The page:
- Letter #5 - 4 November 2013
Arriving at the Union Club in Sydney I experienced a Marxist flashback, some Karl but mostly Groucho, who when invited by the Friars Club famously responded that he would not join any club that would have him as a member. The trigger this time was the portrait of the Queen at the top of the stairwell. An oil of the Royals is easily offset by a chilled pitcher of martinis, but that was not an option. Greeting me at the entry my congenial host Ambassador Richard Broinowski promptly informed me that the monthly gatherings of the Harvard Club of Australia were dry; as did, interestingly, the next three Club members that I met. I settled for a virgin bloody mary - and decided before the first sip to change the topic of my talk.
- Letter #4 - 14 August 2013
At the tail end of a trip that took me from Sydney to Boston to Washington to New York and now back to Sydney, I considered a more apposite name for communiqués written over vast stretches of water... Whether or not the oceanic distances provide Australia a postcolonial exceptionalism from the game of nations is an ongoing debate.
- Letter #3 - 6 July 2013
It is a sign of busy times that the first quiet interlude to write the latest Director’s Letter comes once again somewhere over the Pacific at 30,000 feet. I’m en route to the US, with a tin cup to rattle for potential funders, a documentary on The Art of Peace to finish and several loose ends from the move to tie up.
- Letter #2 - 29 May 2013
The University of Sydney’s venerable Great Lecture Hall, its rows of hard benches steeply raked for 19th century medical classes, was filled last week with an audience interested in a different sort of pathology. Current and former members of the Australian military, journalists from the major outlets, academics from the field of security studies, and, given the stormy weather, a surprising number of intrepid citizens, had come to hear about the global threats facing Australia in the 21st century.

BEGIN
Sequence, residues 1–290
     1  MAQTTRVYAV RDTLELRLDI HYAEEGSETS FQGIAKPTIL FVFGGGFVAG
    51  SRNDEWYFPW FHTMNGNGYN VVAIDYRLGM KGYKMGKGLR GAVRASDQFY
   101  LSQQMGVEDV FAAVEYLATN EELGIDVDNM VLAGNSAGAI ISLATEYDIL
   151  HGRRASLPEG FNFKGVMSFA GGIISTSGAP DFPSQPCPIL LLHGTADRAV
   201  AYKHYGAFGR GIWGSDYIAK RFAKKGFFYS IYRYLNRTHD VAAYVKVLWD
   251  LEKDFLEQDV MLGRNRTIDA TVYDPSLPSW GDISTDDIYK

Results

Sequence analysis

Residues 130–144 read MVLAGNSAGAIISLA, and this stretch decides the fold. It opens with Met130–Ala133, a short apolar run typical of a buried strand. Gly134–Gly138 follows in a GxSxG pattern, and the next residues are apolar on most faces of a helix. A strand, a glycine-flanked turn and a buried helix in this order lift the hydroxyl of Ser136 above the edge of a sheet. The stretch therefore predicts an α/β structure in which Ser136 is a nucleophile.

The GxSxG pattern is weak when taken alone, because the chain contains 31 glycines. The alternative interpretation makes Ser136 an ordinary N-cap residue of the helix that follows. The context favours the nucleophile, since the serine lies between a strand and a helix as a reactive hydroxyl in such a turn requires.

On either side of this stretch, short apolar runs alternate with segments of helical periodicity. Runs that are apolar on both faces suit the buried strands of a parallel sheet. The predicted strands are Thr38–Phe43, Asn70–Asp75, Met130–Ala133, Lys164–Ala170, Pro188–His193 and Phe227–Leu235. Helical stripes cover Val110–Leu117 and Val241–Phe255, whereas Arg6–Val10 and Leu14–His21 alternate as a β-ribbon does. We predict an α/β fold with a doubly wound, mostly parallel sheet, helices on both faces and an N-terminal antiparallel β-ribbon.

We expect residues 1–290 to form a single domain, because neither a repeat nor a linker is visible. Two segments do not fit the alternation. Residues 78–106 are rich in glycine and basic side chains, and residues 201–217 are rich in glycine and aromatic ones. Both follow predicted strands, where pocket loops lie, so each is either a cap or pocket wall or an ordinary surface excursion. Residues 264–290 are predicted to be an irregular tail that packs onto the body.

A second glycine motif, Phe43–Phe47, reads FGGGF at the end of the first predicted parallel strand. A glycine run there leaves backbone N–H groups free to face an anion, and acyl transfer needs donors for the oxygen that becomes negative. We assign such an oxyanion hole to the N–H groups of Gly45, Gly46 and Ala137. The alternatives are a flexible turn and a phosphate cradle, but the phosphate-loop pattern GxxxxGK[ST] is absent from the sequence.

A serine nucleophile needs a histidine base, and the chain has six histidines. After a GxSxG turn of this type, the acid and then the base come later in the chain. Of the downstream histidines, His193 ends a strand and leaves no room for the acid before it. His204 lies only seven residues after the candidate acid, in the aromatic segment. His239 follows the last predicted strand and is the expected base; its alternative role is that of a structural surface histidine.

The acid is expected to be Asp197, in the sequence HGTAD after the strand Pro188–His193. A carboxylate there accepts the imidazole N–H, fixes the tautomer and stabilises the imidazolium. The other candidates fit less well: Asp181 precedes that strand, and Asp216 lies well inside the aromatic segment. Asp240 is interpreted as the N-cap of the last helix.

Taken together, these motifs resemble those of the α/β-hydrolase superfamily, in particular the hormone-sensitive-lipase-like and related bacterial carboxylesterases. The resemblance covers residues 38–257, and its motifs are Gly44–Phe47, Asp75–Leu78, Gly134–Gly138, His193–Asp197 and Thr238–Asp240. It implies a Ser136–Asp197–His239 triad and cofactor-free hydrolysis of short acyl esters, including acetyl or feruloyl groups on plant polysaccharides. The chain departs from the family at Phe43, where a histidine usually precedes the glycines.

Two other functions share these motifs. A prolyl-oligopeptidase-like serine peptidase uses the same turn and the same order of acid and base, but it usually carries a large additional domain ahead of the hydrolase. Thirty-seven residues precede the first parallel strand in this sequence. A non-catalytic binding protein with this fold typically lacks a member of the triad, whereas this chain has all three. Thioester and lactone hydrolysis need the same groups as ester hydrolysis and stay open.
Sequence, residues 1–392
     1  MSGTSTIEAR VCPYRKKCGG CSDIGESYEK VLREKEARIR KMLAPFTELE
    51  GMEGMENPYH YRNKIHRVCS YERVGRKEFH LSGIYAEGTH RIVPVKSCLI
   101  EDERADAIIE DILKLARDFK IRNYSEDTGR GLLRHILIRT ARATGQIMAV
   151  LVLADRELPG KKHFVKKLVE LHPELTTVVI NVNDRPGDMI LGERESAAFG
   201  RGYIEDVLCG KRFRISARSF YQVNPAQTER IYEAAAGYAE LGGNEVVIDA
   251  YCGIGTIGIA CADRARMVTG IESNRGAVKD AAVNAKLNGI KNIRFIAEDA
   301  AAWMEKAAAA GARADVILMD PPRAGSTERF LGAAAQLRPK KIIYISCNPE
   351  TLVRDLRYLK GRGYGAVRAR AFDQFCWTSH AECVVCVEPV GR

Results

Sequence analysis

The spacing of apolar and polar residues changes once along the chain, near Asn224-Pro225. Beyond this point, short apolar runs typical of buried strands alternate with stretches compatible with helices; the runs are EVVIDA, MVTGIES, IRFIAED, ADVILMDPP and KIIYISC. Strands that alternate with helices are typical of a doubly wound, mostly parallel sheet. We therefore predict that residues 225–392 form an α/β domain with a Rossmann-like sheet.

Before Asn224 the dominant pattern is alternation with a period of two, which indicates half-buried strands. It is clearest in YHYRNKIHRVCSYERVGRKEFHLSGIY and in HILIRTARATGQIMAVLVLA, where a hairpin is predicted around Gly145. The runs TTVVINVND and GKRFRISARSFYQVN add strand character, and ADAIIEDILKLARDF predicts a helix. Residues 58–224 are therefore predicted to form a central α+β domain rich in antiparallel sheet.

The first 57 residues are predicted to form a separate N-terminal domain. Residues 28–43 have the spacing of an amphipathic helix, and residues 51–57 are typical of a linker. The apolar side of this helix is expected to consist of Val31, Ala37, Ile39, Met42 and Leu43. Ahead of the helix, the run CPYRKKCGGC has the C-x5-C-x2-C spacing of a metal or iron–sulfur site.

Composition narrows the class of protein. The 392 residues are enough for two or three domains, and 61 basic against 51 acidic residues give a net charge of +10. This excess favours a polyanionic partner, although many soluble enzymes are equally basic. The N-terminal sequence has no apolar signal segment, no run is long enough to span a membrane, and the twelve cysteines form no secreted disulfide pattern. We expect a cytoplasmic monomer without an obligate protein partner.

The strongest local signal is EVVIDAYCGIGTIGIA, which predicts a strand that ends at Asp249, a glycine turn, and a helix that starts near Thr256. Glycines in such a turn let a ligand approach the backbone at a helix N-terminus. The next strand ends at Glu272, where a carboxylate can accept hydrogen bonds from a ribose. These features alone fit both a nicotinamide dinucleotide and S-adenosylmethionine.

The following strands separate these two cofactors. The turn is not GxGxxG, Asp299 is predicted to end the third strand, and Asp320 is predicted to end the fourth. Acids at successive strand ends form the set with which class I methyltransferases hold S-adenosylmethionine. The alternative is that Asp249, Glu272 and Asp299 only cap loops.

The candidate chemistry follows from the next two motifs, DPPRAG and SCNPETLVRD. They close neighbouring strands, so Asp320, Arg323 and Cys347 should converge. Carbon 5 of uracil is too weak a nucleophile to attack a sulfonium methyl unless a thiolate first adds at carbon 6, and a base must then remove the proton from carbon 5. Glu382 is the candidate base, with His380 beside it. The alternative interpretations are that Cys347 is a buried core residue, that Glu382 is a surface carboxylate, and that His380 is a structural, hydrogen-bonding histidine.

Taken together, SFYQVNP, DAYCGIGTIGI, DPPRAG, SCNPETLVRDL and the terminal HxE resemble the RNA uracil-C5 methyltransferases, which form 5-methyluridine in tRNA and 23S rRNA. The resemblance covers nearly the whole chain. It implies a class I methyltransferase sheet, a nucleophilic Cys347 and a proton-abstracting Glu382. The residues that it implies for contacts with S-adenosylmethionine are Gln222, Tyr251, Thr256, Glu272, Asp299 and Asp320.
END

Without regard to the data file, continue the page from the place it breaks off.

- Letter #1 - 3 April 2013
First impressions last. One year ago, en route to interview for this job, my seat companion took note of my reading material, the latest issue of Foreign Policy. It sported a bold cover: ‘Obama’s Secret Wars’ in block letters atop the image of an armed Predator drone. Asked for my take on the topic, I launched into a critique born of two decades studying generals and leaders who place a misbegotten faith in technological fixes for intractable political problems, the recalcitrant issues of sovereignty and international law, the likelihood of some bad blowback, and what happens when, inevitably, others mimic the US and acquire their own killer drones. I might even have evoked Robocop.